The author eventually lands there, by saying “Be a human being.” However, that’s where he should have started. Instead he backs up the lesson by pitying those sad, terrified, vagina-clad, glass-skin-wearing women, letting us know that he is there to protect us, and advising other men to protect us, too.

The sex of females do not need protection from or by the sex of males, instead we all need to step into the world with our best selves, without making assumptions about any individual or their sex, with respect for all people, and a determination to treat everyone we meet the way we would like to be treated.

Ladies, when a man asks you what his responsibility is with regard to Rape Culture, let him know that his responsibility is to be kind to everyone, and that women are no different.
Sisterhood_Is_Powerful_(1970_anthology)

Me and mom.

Me and mom.

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3 thoughts on “Women’s Guide to Being Patronized By the Sensitive Guy Trying to Protect Women from Rape Culture

  1. Uncomfortably Honest

    This post has been on my mind since I read it right after you published it.

    You are so lucky to have been raised by feminists. To feel equal to men in your bones from childhood. To refuse to feel fear more than natural self preservation while in public. I’m incredibly envious of your worldview. I also like you a hell of a lot and admire you, so I feel weird about disagreeing with you.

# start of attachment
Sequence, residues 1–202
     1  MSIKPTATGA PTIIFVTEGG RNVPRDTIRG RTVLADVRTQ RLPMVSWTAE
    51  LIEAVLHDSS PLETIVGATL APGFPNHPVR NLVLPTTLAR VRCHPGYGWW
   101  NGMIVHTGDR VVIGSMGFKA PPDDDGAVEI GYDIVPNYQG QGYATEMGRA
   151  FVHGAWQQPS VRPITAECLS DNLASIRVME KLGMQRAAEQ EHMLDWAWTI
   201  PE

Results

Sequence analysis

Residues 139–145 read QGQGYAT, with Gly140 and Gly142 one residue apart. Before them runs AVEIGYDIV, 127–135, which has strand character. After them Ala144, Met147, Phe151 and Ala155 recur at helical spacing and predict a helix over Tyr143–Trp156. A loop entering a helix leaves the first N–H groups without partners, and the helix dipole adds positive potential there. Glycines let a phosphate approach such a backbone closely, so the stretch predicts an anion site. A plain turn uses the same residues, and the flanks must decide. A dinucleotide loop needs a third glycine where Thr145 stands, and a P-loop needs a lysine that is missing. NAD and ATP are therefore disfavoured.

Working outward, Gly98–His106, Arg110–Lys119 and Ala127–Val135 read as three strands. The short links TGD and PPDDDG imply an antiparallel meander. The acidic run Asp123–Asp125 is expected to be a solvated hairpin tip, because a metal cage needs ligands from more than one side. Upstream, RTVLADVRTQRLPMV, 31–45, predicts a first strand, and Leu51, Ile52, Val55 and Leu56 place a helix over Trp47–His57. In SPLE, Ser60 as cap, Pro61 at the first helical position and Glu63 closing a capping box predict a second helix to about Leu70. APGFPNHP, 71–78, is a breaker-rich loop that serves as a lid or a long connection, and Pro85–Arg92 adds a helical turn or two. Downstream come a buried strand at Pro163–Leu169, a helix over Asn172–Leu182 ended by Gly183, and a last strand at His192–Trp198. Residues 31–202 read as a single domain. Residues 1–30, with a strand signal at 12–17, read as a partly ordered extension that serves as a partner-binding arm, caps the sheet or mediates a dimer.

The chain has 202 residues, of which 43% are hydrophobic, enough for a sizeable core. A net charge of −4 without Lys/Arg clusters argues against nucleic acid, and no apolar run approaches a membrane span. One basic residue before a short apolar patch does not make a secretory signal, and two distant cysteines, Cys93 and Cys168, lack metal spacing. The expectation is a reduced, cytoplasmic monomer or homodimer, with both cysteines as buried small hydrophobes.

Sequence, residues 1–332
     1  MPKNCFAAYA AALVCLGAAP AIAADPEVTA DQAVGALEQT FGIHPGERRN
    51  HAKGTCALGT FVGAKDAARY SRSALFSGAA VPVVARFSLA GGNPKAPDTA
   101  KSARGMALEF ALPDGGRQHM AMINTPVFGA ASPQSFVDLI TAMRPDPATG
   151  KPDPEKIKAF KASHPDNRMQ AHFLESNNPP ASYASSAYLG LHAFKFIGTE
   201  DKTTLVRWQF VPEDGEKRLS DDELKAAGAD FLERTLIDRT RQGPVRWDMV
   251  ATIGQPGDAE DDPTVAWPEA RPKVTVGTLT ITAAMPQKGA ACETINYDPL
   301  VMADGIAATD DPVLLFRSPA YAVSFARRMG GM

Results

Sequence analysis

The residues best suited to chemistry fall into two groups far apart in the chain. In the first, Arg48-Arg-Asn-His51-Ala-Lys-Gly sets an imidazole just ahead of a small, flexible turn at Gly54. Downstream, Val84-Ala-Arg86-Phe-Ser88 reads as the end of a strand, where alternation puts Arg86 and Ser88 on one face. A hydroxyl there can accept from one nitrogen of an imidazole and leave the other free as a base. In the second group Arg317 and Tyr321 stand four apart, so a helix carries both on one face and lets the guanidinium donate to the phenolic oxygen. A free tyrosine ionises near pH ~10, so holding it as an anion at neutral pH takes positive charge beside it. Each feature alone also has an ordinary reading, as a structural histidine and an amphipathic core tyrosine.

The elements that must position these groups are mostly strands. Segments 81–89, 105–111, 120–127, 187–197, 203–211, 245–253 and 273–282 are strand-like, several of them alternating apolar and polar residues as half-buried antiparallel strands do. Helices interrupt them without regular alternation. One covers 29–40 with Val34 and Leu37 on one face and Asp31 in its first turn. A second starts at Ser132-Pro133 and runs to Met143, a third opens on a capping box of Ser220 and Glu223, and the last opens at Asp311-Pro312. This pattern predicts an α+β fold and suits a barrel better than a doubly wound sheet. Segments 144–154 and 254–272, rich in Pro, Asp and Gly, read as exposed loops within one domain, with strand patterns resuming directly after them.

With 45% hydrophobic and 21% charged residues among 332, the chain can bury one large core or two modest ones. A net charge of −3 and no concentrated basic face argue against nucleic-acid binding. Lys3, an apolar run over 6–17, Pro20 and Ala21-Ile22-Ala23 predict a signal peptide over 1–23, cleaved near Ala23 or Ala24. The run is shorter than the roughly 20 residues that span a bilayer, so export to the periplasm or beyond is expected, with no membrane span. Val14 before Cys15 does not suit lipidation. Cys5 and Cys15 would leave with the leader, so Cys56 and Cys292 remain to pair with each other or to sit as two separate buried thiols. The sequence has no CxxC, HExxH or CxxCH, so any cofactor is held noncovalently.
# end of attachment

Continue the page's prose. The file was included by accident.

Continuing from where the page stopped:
I liked the article. Actually sent it to my parents. While I was reading it I initially felt condescended to as well. But by the end I thought his care around women was more based on realizing how many women feel moving through this world rather than an impulse to protect the “weaker sex”.

    Luckily my parents raised me to believe I could do anything a boy could do. But I was also raised to believe that “good girls don’t”, and to believe how I dressed would play a role in if I was asking for it or not. While in college I was sent clipped article after article about women who were raped and murdered in my weekly letters from my mom. I know she wanted to keep me safe. Let’s just say if I had a daughter I wouldn’t make the same choice.

    I am a feminist. I am also deeply influenced by my upbringing. I don’t believe the things I was taught anymore. But I have never ever been unafraid while walking through a parking garage alone.